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Slot machines can be seen by some as old-fashioned – the game was invented in 1891 (that’s not a typo) and the basics of the game haven’t really changed since. But now, in an attempt to attract millennials, the slot industry has shifted directions and is gearing-up to introduce skill-based slots.

The Popularity of Randomness

Until now slot players had no real control over the outcome of the game and the money they might win or lose. Slot machines, both land-based and online, are equipped with RNGs (Random Number Generators) that, as the name suggests, make sure the reels stop randomly. All players can do is hit the Spin button and cross their fingers.

But even with the seeming randomness of slots and the lack of skill needed to play, slot machines are the most popular games in any casino in the world; they take up over 80% of floor space in casinos. And in online casinos video slot games greatly outnumber poker, blackjack and roulette games.

So if the slot industry isn’t broken, why change things now?

The Slot Industry Wants to Keep On Winning

The slot machine is one of the most successful products ever to be created. It has survived, and thrived, an entire century with its core concept still intact. That’s an amazing feat if you think about it – people today are enjoying the same basic game that people enjoyed over a hundred years ago.

Now though, with the proliferation of the Internet, and the rise of computer and mobile gaming, the younger generation – that’s you millennial – have begun to pass up the slot machine in favor of more skill-based games. The idea of having no control over the game that is unfolding on the screen isn’t very appealing for a generation that grew up with Xboxes and Nintendo 64’s.

And the slot industry took notice of that.

Eighty million millennials with hundreds of billions of dollars in buying power are entering their peak earning and spending years. And everyone – including online casinos – want a piece of that market.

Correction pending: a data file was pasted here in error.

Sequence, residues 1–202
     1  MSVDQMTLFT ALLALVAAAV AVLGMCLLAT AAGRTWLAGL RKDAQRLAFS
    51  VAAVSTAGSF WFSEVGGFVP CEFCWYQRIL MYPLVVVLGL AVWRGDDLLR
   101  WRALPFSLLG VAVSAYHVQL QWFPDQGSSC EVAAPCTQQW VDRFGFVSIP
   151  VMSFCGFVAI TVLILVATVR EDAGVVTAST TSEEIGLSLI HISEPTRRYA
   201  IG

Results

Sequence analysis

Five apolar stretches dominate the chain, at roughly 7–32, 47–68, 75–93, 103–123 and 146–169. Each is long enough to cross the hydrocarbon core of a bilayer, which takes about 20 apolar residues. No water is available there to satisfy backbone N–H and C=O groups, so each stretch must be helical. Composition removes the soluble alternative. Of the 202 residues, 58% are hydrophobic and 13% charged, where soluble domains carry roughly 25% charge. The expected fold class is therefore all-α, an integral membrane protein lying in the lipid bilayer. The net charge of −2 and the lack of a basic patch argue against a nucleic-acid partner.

Raising the Bar with Skill

So now that we know that skill-based slots are on their way, what will the game look like? The idea is not to completely lose the chance factor that has made slots so popular to begin with. Rather, there will be a combination of luck and skill. So the basic interface of spinning reels will remain, with some modifications already present in some video-slots, like ‘dropping-bricks’ or ‘sliding-cubes.’

But the main changes will occur in the bonus round.

Bonus rounds are typically a player’s opportunity to win real money in a slot game, or at least credits that can be used later in the game to increase a player’s chance of winning. They present different interfaces, but also luck-based ones. And this is exactly where the slot industry is planning its attack.

Imagine playing Pac Man or Guitar Hero or Angry Birds in the bonus round to win betting credits between the regular spinning-reels plays.

Blue Crystal Labs, a young startup headed by a former Zynga executive (creators of the Facebook hit Farmville) just recently unveiled Simon Slot – based on the four colored memory game that many millennials grew up playing.  While the reels spin, certain boxes light up and once the reel stops the player must tap the symbols on the screen in the order of how they lit up.

NanoTech is working on two additional skill-based games: a pinball-like slot titled Vegas 2047 where players need to display real pinball skills in order to win, and CasinoKat, a maze runner slot game.

The Future of Slot Machines

This is just the beginning of where slots are headed.

One of the most highly anticipated and exciting developments in the gaming industry – virtual reality – is something that key players in the slot machine industry are paying close attention to. With VR, the possibilities for creating eye-popping, mind-blowing slot games are endless.

The future of online slot games is one that will probably look and feel completely different to the classic slots that have dominated for the past one hundred years. The classic spin and pray slots will probably never fall out of favor, but the new crop of millennial-geared slot games will surely change the entire industry, across the board.